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The idea of the neighbourhood unit was presented by Mr. Clarence Perry in a sociological conference held in 1923 and later applied into a regional plan of the New York City in 1929. While living in the ³garden suburb´ of Forest Hills Gardens, NY, he worked on his scheme for the ³neighborhood unit´ ± a self-contained residential area that would be bounded by streets, with shops at the intersections and a school in the middle. This concept was covered in his book Housing for the Mechanic Age. Clarence Perry argued for use of superblocks and related ideas in his "neighborhood unit" plan, which aimed to organize space in a way that is more pedestrian-friendly and provided open plazas and other space for residents to socialize. In the 1930s, superblocks were often used in urban renewal public housing projects in American cities. In using superblocks, housing projects aimed to eliminate back alleys, which were often associated with slum conditions. Principle The neighbourhood unit was designed to create a semi-public space within newly industrialising American cities that offered limited opportunities of incoming workers and workers´children to integrate and foster a community spirit in an alienated urban environment. Opposed to an increasing distances between places of residency and places of work it was focused on a walker metrics, i. e. the city layout where key points are not located further than within an average walking distance. The local school or a church were considered to be central nodes of the unit. The number of children at school or members of the congregation thus determined limits of the neighbourhood district, ranging from 5000 to 10 000 respecting a number of expected density of population. Desired proximity of local shops was about a quarter of mile within the district, the distance of the school from the borders of the district was half a mile max. Urban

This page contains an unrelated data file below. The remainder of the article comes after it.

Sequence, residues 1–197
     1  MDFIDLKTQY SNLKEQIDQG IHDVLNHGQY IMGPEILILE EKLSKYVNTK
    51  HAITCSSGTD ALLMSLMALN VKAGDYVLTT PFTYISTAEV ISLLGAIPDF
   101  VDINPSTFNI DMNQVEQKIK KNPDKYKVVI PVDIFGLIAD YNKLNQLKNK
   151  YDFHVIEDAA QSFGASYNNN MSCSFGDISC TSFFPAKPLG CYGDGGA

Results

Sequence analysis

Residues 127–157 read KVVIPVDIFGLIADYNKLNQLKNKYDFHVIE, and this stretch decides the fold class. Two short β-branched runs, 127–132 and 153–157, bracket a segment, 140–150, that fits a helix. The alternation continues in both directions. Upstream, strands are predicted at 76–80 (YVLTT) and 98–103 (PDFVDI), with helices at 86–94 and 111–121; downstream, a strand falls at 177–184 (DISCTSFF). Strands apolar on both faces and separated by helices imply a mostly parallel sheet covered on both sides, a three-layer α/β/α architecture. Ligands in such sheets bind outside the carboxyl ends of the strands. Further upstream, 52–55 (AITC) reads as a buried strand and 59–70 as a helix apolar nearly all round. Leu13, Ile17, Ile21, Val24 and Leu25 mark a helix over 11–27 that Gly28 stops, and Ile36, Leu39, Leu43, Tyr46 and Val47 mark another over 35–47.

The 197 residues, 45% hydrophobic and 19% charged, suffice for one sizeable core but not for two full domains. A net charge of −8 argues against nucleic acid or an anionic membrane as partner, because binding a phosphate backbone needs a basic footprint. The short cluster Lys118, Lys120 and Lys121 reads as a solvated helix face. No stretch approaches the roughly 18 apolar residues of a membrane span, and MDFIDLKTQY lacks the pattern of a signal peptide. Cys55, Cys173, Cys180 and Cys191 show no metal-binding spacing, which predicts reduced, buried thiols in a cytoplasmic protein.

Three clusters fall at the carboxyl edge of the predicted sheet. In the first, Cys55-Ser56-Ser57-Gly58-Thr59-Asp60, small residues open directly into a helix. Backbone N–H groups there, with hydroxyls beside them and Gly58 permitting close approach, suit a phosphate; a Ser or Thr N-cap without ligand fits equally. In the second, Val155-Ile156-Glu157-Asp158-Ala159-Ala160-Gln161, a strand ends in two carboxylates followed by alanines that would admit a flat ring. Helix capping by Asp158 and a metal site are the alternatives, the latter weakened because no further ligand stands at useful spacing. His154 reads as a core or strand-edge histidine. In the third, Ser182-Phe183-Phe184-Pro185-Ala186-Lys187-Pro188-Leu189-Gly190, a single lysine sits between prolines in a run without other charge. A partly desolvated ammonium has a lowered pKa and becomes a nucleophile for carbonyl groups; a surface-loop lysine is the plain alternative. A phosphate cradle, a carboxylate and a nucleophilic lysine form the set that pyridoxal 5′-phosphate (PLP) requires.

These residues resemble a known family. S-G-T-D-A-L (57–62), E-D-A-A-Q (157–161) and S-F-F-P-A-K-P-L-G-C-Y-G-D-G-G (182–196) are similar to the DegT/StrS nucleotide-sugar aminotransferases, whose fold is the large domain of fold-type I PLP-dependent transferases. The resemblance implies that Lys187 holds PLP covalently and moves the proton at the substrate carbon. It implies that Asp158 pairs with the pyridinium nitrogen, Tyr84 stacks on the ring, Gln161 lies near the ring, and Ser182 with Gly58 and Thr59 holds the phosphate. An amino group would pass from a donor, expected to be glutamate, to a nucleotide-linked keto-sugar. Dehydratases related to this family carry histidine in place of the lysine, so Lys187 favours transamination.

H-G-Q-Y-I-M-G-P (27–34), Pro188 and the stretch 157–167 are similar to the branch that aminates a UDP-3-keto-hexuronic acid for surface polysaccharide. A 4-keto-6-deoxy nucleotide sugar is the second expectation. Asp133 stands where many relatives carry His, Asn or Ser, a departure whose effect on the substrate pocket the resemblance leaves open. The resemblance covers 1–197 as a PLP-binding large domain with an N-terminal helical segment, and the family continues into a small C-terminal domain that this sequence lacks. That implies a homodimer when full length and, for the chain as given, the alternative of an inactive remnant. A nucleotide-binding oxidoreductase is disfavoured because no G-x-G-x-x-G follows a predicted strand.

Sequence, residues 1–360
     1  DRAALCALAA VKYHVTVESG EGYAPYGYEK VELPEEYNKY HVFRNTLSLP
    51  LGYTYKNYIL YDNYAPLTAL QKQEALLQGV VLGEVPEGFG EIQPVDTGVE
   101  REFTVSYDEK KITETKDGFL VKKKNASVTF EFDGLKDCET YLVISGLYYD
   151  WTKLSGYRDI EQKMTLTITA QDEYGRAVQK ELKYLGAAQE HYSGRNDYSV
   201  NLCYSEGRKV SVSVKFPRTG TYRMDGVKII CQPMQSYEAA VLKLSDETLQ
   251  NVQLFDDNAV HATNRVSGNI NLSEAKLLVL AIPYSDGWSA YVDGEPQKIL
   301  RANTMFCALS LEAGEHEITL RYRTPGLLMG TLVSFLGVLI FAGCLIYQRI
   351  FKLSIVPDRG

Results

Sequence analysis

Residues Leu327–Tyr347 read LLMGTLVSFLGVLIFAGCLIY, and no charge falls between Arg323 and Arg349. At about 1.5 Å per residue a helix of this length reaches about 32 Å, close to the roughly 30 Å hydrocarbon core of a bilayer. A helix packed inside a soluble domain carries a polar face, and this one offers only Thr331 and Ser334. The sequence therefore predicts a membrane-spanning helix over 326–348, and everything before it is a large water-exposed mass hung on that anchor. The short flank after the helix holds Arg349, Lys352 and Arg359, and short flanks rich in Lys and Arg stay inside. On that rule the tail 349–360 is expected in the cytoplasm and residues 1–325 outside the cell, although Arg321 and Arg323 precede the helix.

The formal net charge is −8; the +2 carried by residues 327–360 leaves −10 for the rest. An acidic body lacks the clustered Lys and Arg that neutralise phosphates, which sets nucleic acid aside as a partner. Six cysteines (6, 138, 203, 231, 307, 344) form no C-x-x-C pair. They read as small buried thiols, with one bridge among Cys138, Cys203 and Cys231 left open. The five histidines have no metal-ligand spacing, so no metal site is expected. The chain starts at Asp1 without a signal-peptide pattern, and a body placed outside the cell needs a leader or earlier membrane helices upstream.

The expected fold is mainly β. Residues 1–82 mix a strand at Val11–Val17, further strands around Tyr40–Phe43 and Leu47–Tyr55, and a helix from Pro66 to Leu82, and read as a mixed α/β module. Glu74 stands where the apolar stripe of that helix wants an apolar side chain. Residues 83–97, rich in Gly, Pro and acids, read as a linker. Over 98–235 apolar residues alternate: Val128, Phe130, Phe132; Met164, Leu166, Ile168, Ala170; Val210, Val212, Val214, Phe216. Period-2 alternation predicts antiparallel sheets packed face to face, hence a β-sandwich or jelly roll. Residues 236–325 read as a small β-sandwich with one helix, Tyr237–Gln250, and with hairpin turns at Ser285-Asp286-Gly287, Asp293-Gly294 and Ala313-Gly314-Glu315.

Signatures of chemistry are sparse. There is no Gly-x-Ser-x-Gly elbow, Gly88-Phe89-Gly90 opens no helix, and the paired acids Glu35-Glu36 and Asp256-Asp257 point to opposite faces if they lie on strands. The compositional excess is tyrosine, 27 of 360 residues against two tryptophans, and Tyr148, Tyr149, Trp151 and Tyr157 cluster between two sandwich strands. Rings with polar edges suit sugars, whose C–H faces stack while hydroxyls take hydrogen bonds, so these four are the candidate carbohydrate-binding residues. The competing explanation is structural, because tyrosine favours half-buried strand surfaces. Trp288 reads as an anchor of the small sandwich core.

The idea of the neighbourhood layout was applied in postwar British urban planning policy, especially new town development. Sociological
The concept of the neighbourhood unit historically correspond to activities of American wave of school of urban studies and ecology called Chicago school, operating mostly in the 1920s and 1930s. It is closely linked to activities of Jane Jacobs, American urbanist and humanist in the field of migrant integration and child labour force. The schema of neighbourhood unit further refers to Charles Horton Cooley´s theory of primary groups and to the concept of neighbourhood as a type of a residential community.
support their spatial integration. .The concept of the neighbourhood unit should have enhanced the feeling of identification with the environment for the incomers. taking the form of alienation and civic indifference. foster social cohesion and avoid social pathology.